Lisa Bleich 17:03
Do you think that that changed also, because we have anecdotal examples of students who applied they in 2020 2021, who apply test optionals to Dartmouth to other schools and didn’t get in? And so I’m wondering, do you think it’s changed now for like, the classes where you were testing was widely available? Do you think there was a difference between those very few couple of years,

Dr. Jed Applerouth 17:29
when testing was really challenged, and kids all over the country couldn’t get testing access? And especially that our West Coast, you know, students like they, they had no chance. They’re traveling five hours to find a test center, and it’s stupid stuff like that. And so do I feel like now testing has returned to somewhat more normalcy, except for California, maybe Washington State, I do think, like, watching the numbers, testing is increasing, like the College Board, it went from, like 1.4 million kids 1.9, Lincoln’s testing is more normalized now. And so access is more and that was part of the also the colleges are like, you think it was cow, a Stanford, they said, like 95% of our students who applied had test scores, and this didn’t send them. And so it’s like, access is becoming less of the issue. So I do think that may have shifted as the cohorts of kids with test scores, keep getting bigger. And the potential is a you know, so now it’s like testing. It’s going to be something now that you have this, you know, you have a certain number of strong schools who are test required every kid with ambition and really good grades and and you know, an academic rigor is going to take a test, because otherwise I’m eliminating all the schools from my list like off the bat, any part of it, you don’t know which ones are going to be adding next slide. Next slide. Exactly. Yeah, we had this incredible series of popcorn, Yale, Cornell. And then is Penn next is like they’ve an MIT and Caltech and Stanford, it’s like, we know they’re more coming. And the question is, before you build your list, Are you certain that these strong schools your list are not going to go required in a matter of four months? Because for sure, we’re done with for this cycle, because it would be totally unfair because you know, kids are applying their their apps are due in October, they can’t require it now. But then come November, December, January, I guarantee it, we’re gonna have more schools. I’m personally waiting for UNC Chapel Hill to come back. I’m waiting for USC and California and waiting for a number of schools questioning maybe UVA, you know, and, of course, Penn, they’re going to I mean, I’d be amazed at Penn didn’t go back. This based on what I’m

Lisa Bleich 19:37
saying. And it’s interesting because UVA and UNC, University of Virginia and university UNC Chapel Hill testing used to be so important, particularly for if you were from out of state. That’s it was a pretty clear line. If you didn’t have a certain test score, it was gonna be really hard for you to get in. So let’s talk a little bit about the new LSAT, the digital LSAT. I know Abby spoke a lot about how Interesting, it wasn’t new talked about the differences. So do you think it’s a good fit for that type of student? You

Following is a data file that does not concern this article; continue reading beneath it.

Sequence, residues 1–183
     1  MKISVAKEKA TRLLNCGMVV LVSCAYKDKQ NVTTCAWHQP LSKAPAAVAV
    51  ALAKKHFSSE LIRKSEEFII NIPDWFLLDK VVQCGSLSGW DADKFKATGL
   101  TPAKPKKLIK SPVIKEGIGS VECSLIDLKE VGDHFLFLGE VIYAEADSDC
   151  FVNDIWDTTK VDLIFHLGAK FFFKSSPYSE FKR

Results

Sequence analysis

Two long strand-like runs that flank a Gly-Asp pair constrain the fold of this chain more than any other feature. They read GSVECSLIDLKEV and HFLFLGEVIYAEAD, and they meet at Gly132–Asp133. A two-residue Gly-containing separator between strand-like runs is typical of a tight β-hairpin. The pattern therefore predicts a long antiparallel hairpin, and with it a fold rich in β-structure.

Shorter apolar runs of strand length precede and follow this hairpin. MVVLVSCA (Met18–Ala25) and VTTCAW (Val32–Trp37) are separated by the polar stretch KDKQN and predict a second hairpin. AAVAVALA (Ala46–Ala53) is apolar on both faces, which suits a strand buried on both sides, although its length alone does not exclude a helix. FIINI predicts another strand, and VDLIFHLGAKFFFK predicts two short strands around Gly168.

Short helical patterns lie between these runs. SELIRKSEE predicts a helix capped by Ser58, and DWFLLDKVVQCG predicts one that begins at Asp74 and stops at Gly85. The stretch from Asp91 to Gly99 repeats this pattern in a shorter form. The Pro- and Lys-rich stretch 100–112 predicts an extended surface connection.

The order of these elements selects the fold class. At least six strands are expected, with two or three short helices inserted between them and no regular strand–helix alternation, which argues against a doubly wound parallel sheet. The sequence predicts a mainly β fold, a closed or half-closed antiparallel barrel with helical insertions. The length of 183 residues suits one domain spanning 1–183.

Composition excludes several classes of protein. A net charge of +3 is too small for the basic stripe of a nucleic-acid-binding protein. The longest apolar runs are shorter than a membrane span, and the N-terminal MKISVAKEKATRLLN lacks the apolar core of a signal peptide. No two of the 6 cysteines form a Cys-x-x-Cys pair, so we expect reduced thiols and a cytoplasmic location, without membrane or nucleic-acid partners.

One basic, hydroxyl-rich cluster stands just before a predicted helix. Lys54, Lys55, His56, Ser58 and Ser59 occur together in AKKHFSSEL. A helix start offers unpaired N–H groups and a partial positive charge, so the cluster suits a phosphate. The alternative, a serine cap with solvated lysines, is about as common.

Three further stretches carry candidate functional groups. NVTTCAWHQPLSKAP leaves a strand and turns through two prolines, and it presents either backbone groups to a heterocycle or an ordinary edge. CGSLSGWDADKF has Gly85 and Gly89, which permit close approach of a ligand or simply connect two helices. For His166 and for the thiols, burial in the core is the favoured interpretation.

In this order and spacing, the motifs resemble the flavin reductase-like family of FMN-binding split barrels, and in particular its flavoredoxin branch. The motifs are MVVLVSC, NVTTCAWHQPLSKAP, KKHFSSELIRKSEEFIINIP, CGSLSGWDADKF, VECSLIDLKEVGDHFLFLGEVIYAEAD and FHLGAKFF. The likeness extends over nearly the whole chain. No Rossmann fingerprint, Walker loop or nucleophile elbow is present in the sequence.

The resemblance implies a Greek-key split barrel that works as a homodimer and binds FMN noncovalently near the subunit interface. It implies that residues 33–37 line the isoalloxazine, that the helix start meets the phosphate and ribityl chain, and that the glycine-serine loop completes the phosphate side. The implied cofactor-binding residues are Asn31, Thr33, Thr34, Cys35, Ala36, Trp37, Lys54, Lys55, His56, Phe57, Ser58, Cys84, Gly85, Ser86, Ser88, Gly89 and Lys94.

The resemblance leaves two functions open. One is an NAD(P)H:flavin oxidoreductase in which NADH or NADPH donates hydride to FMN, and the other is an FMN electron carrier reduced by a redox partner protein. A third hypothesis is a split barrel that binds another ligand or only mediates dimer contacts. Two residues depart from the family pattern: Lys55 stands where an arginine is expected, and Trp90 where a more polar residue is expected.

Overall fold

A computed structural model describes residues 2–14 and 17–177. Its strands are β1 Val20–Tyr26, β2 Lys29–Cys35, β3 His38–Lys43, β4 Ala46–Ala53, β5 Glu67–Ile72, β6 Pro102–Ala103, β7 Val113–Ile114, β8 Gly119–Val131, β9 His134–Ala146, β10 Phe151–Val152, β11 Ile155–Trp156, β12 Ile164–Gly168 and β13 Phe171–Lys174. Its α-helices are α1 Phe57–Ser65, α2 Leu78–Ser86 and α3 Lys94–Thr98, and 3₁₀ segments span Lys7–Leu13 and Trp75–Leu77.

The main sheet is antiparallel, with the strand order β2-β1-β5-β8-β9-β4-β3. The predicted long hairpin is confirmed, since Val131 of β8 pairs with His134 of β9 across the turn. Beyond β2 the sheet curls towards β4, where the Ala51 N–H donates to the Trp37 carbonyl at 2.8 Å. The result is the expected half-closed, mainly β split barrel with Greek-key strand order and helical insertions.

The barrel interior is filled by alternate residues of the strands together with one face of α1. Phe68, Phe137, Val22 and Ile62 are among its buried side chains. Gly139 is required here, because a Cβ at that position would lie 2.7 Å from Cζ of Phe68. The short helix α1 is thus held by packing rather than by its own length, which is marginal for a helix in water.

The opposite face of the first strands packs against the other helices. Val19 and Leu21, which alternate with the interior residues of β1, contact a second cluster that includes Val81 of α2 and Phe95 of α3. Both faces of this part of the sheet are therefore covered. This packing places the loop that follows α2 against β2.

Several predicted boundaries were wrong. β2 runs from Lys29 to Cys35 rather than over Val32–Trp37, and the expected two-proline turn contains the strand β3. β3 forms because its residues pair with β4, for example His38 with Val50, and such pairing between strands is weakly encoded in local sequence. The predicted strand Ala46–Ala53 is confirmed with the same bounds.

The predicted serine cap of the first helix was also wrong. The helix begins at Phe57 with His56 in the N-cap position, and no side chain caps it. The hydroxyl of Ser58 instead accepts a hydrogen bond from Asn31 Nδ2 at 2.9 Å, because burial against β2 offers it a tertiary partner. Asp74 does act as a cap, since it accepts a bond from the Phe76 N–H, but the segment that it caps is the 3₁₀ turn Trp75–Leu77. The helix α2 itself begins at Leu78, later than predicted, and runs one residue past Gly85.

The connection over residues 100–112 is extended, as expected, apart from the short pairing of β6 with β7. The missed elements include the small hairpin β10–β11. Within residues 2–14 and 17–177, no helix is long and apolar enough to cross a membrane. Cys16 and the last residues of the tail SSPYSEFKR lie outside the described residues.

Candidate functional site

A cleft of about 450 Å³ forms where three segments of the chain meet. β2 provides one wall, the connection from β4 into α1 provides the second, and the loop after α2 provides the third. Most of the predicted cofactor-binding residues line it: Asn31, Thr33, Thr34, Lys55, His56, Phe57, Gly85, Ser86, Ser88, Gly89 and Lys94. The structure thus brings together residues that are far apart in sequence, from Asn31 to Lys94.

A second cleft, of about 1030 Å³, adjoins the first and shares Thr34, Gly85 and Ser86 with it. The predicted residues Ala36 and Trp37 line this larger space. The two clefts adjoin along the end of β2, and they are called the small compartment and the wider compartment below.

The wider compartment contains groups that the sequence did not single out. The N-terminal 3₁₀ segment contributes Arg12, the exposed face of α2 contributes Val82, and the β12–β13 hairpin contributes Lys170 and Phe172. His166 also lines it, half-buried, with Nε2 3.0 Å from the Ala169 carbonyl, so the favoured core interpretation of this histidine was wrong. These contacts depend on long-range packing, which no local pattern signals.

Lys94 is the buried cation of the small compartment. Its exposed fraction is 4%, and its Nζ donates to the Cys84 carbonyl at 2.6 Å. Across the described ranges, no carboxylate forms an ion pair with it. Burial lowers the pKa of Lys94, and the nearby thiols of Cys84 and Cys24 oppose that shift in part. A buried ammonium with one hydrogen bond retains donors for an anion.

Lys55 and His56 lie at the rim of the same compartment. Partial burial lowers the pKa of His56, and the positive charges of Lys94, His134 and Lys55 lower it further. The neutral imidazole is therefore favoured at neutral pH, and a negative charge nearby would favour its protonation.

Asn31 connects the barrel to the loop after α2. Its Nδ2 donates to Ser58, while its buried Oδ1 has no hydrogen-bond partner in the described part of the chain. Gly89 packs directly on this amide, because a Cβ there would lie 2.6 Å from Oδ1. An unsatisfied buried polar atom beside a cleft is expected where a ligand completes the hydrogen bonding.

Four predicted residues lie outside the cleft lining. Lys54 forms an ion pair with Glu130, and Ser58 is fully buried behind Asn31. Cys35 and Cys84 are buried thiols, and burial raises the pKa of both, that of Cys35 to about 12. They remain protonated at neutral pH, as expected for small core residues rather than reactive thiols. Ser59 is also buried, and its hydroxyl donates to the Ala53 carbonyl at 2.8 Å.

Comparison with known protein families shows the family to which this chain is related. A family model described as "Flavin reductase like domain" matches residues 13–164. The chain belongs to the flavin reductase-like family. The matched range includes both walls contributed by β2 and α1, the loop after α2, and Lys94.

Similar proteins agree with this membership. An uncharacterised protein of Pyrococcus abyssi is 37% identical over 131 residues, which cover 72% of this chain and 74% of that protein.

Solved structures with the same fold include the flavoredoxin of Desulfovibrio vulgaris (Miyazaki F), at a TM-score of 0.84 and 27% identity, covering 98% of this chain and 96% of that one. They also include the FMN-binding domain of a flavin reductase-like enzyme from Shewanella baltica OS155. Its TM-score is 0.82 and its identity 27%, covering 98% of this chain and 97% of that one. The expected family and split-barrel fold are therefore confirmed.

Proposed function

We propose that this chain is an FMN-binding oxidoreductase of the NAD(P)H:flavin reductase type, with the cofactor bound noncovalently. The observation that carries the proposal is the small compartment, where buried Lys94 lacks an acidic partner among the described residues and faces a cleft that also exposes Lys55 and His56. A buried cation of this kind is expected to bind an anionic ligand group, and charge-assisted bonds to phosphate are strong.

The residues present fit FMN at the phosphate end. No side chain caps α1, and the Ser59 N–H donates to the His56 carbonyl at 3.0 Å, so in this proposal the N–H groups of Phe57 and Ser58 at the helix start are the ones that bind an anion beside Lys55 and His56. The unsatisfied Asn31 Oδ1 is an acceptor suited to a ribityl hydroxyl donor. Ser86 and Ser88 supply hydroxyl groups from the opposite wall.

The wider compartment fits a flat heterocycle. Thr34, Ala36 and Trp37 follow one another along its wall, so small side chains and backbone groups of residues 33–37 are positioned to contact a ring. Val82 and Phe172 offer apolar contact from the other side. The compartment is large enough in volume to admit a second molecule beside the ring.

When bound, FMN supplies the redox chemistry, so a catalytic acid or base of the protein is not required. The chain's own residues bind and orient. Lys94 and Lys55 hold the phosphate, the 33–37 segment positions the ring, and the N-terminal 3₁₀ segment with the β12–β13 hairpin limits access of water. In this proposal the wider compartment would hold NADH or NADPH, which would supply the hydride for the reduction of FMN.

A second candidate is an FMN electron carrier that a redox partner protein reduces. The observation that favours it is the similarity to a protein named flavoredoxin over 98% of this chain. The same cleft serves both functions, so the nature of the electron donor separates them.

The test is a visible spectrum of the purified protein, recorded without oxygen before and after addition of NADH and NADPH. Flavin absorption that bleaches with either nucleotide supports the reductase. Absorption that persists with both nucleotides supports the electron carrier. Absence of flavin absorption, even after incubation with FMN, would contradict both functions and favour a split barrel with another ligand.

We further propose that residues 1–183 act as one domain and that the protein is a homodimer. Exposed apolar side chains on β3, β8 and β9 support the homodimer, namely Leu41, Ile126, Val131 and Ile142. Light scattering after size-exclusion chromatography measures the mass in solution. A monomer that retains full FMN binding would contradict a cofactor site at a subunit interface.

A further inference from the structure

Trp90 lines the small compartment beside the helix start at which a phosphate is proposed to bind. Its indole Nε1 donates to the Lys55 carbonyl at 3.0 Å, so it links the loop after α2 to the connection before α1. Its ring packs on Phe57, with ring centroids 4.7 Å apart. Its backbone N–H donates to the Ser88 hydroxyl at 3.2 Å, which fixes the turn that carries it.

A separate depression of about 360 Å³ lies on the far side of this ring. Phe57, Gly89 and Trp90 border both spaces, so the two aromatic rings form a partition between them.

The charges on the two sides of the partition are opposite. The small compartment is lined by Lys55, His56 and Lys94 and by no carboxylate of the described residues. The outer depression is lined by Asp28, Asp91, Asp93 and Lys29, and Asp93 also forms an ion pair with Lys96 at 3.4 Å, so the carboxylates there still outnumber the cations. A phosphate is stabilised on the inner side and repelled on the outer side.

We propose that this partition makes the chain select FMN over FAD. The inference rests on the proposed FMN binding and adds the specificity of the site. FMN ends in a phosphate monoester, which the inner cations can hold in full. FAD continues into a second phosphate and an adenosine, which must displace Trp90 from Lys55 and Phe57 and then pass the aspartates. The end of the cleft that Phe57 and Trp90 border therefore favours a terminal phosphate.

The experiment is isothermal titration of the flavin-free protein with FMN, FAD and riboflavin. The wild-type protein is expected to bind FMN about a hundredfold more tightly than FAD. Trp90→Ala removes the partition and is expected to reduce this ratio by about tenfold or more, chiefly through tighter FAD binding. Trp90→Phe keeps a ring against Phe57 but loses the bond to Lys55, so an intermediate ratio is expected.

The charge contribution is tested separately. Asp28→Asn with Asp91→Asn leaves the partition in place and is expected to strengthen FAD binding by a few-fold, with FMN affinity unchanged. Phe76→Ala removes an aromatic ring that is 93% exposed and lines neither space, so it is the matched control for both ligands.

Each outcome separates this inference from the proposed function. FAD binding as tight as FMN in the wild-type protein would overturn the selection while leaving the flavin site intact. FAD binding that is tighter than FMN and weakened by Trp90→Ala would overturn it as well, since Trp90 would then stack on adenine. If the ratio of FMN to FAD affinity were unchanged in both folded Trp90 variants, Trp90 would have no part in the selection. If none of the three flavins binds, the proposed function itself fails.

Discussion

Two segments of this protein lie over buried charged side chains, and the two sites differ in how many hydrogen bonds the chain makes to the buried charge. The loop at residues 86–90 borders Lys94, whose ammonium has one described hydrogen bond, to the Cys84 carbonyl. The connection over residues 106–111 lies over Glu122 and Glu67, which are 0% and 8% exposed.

Dr. Jed Applerouth 20:06
know, I think the digital LSAT is a strong test and is a better test for a lot of students. I think before you decide, you know, am I this kind of kid, I would go ahead and use two hours, you can take it today on the blue book app, it’s two hours, 24 minutes, make sure you take test for five or six, the first three are too easy to help you calibrate, and then you know, having a practice a CT and then comparing it to, there are so many things that are improved, having a shorter test, with more time for question. And, you know, I feel like it’s just it’s simply a superior test. And in so many ways, I was grappling and first with, you know, the short form passages, where everything is just one little paragraph, and that’s it, then, you know, I’m used to, for, you know, 20 plus years of teaching these longer form, reading comprehension, but I’ve, you know, made it made the shift, I’ve adapted. And I feel like the things that are really nice, always having a calculator, this, the Desmos Graphing Calculator is very powerful, and really helps students, it’s always there, there’s no more, you know, when they went to, to this, some mental math, and they had no calc section, I didn’t fully understand that because we live in a world where everybody has calculator on them at all times, and be able to do like long division, and you’re like, what, what’s the value of that? Versus now this is a tool you will always have throughout your life? And can you apply and use this tool, and we’re actually going to give you a built in Desmos calculator for graphing for Algebra Two for all these different things in there. I liked that I looked at the math is much less wordy. That was a that was the Common Core shift in 2016. They went hard to Common Core, and then they pulled back from that in this new iteration. So math is more pure math, I liked that. I liked the fact that you know, grammar has decreased some and reading comp has increased, which I think really is more valuable for going to college, can you read critically versus if your grammar is not perfect, we all have grammar checks and spell checks these days. And we use them and we run ourselves through check GPT and fix the common errors. But can you actually read and understand what’s happening with this topic that’s more important than ever going to college. So I feel like the test and also given kids, you know, you have 59% more time per question, compared to AC T. And you’re going to need some of that time because the the reading level is higher. It’s an 11th grade reading level. You know, some of the reading level on average, some of the reading level is actually college level. They’re giving you some passages, they throw out some Shakespeare, they throw out some you know, Jane Austen, they’re going to be some more advanced passages. But that’s getting you ready for college. So I feel like for so many kids like is there, there’s not really a profile, I mean, kids who need more time kids, you do have to be able to handle higher level of reading. But that really is the only challenging part compared to the AC T. It has not changed substantially in a long time. It really is fairly true to the forum, you know that every link was put together. And if you’re not, it hasn’t changed that much. The creator of the Iowa Test of Basic skills. And it was it was designed to be an academic test to test science and test math and reading, and so forth. And it’s a faster test. It’s always been speedy, I began teaching this test in like 2003, and it’s still very speedy, hasn’t changed, the reading level is lower. It’s about a ninth grade reading level. There is more science that was by design, that there are 40 questions, science passage, 35 minutes, and you have to be able to read and interpret graphs and charts and tables and have some background in what’s a, you know, independent variable or dependent variable, understanding some of the basics, you know, what’s mitosis, meiosis, you know, all these things, experimental design. And so I think kids who are more stem oriented kids who want to showcase some of their science chops, some of the math because the math also is harder. Now we have more advanced math, you’re gonna have more advanced trigonometry, you’re gonna have matrices, you’re gonna have logarithms. There’s always harder math on AC T, whereas the st it goes much deeper into functions and graphing and function notation and intersection exponents. But it’s doesn’t go as broad like are the number of chapters we have for teaching math on these two years is a lot broader than on the STSD. Math is just deeper in a few a few key areas.